Tuesday, May 7, 2024

Airline engineers repair damaged wing with gaffer tape

Airline engineers repair damaged wing with gaffer tape
Airline engineers repair damaged wing with gaffer tape

EDINBURGH AIRPORT – In yet another setback for the beleaguered aerospace giant, Boeing found itself embroiled in controversy when a passenger noticed gaffer tape on the left wing of a Boeing 787 during a flight to Scotland.

By our Aviation Correspondent: Courtney Pike

Graeme Crabfoot, a 61-year-old git, recounted the incident, which unfolded during his journey from Ipswich Airport to Edinburgh with his fiancée, to the SUFFOLK GAZETTE. The otherwise uneventful flight took a surprising turn when Crabfoot noticed a patchwork of silver adhesive on one of the plane’s wings.

“It began peeling off mid-flight, I thought, ‘What the blazes!?’ I pointed it out to the missus — she just said, ‘I wish you hadn’t come on this holiday,'” lamented Crabfoot.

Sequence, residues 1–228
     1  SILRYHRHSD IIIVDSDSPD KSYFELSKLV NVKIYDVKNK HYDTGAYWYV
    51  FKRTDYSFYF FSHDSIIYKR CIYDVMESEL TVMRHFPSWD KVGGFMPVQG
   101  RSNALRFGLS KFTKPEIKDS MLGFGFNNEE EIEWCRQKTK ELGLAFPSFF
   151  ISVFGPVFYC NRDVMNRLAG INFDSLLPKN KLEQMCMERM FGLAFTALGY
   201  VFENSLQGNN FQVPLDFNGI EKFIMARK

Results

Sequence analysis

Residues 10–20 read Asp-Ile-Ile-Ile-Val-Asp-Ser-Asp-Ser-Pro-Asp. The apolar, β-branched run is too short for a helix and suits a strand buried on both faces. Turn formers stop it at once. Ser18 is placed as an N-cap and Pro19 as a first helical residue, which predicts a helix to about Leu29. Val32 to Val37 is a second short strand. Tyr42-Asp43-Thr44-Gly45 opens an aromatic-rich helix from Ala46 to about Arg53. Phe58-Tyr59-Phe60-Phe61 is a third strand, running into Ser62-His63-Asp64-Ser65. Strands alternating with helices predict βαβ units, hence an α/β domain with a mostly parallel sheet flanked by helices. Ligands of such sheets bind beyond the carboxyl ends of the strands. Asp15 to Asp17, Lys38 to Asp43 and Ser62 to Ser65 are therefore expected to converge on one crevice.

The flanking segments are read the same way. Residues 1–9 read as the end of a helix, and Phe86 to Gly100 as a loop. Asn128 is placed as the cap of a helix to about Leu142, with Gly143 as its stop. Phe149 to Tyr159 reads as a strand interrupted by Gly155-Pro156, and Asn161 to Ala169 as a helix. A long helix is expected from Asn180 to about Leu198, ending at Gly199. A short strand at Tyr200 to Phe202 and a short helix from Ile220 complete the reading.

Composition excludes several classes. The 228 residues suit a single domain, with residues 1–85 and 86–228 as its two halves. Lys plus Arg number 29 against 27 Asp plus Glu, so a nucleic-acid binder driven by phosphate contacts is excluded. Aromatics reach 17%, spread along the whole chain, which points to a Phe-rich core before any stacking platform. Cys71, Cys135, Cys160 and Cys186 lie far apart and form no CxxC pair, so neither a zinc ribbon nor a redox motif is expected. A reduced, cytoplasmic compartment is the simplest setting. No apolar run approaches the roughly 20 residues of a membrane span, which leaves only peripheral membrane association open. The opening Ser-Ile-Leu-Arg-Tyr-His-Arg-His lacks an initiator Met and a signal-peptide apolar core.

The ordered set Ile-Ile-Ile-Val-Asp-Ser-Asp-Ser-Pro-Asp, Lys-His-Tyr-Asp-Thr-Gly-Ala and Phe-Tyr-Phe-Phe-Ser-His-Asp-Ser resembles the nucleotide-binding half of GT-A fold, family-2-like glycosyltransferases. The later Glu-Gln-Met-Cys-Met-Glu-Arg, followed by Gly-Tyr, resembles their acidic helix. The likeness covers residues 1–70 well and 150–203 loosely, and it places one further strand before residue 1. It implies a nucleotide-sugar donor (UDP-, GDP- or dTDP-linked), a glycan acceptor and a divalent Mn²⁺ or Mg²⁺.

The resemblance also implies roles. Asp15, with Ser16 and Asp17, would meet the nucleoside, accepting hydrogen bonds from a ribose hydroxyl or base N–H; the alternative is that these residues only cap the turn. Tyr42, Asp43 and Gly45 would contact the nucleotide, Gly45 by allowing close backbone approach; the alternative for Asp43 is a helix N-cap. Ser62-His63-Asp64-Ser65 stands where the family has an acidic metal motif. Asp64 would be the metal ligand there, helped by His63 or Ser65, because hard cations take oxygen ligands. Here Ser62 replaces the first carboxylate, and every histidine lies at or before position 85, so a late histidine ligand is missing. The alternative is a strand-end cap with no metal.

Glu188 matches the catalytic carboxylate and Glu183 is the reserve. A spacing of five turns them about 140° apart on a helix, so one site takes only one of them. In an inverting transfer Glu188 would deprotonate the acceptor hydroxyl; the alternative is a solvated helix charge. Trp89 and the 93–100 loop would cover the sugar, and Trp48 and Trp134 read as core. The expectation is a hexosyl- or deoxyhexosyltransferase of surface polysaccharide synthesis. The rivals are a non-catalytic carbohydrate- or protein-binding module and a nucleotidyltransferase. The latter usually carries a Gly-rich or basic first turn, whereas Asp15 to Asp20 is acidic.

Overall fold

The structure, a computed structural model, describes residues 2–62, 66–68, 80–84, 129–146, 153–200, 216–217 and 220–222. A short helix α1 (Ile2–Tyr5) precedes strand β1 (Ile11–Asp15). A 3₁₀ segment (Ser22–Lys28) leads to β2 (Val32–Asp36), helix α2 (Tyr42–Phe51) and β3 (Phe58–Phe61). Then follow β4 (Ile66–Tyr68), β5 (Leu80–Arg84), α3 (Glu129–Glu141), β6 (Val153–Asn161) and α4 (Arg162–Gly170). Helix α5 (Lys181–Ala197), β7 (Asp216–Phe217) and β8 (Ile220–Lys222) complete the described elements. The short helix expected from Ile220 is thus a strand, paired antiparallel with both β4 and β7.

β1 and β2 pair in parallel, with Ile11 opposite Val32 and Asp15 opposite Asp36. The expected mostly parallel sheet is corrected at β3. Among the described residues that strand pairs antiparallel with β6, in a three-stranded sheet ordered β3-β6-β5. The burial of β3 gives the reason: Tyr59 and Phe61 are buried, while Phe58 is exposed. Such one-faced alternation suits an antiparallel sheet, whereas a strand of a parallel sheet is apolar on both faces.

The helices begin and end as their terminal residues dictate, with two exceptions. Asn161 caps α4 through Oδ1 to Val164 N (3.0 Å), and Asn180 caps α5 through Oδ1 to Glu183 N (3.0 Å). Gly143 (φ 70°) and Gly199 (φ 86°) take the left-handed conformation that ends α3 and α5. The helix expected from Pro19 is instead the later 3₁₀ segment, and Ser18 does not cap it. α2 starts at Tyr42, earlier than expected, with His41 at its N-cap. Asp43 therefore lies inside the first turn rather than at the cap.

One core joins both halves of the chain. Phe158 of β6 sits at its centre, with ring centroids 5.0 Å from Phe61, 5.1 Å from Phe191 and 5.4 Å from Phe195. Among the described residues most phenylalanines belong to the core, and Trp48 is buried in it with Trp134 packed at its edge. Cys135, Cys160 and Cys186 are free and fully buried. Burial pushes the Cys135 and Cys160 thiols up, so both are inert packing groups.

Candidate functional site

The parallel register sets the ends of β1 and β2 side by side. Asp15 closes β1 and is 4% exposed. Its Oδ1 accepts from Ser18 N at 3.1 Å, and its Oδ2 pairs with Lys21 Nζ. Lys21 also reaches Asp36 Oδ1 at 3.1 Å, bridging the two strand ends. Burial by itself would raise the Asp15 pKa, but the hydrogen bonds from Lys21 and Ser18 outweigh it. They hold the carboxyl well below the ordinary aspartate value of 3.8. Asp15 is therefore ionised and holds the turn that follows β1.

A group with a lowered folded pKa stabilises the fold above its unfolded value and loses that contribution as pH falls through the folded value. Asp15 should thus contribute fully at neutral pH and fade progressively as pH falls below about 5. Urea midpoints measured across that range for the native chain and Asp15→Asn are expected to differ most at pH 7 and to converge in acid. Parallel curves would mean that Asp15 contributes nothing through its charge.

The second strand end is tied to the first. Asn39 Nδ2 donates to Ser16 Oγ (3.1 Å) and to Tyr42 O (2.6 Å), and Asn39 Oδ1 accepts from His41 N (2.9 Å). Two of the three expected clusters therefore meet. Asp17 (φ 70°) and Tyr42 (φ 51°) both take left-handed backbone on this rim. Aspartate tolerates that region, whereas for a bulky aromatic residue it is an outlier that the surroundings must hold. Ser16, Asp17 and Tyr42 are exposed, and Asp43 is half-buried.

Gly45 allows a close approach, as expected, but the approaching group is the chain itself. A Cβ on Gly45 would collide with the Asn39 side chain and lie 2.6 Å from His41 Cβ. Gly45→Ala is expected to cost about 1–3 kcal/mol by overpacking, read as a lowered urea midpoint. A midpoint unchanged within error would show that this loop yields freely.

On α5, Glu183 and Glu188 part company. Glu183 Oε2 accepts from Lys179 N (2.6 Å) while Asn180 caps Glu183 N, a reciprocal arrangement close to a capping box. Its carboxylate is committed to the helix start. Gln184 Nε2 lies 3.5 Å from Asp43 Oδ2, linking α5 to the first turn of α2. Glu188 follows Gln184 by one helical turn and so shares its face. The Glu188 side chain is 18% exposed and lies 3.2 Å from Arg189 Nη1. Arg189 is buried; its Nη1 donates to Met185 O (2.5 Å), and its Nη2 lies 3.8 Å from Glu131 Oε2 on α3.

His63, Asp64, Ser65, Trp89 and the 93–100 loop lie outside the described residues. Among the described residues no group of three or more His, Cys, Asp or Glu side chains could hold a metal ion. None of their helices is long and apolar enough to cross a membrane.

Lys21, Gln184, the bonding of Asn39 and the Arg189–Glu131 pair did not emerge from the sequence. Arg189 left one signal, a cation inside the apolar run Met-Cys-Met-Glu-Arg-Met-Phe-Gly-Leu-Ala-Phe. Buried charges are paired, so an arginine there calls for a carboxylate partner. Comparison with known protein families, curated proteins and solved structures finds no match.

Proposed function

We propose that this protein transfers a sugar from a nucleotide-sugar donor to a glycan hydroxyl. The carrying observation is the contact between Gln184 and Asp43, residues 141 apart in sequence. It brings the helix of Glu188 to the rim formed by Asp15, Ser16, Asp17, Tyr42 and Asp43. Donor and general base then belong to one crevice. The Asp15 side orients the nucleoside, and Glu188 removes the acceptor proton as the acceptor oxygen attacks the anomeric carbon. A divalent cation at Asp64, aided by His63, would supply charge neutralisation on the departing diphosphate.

Photos accompanying his account depict strips of tape reminiscent of a makeshift repair of a missing rear side window on a 1982 Ford Capri. Boeing, however, moved swiftly to allay fears, asserting that the adhesive in question is “speed tape,” sanctioned by the Federal Aviation Administration (FAA) for temporary fixes of holes.

Wing went wrong

According to a Boeing spokesperson, the tape was likely employed to address “paint adhesion” issues observed on certain 787s. The material serves to prevent paint from peeling off and does not compromise the aircraft’s structural integrity.

While acknowledging that the tape may appear terrifying, the spokesperson assured that it is merely a stopgap measure until someone can nip down to B&Q for some paint to add a new black topcoat layer.

Boeing has recently been plagued by safety concerns that began after a door panel blew off a Boeing 737 MAX 9 jet during a flight from Coventry to the Moon.

Damaged wing with safety

Despite Boeing’s reassurances, the sight of tape on an aircraft inevitably raises eyebrows, especially given the company’s recent safety woes. These concerns were amplified following another incident involving a toilet seat detachment on a Boeing 737 MAX 9 operated by Suffolk Airlines, where missing cable ties were discovered.

Meanwhile: Airlines will begin passenger weighing soon

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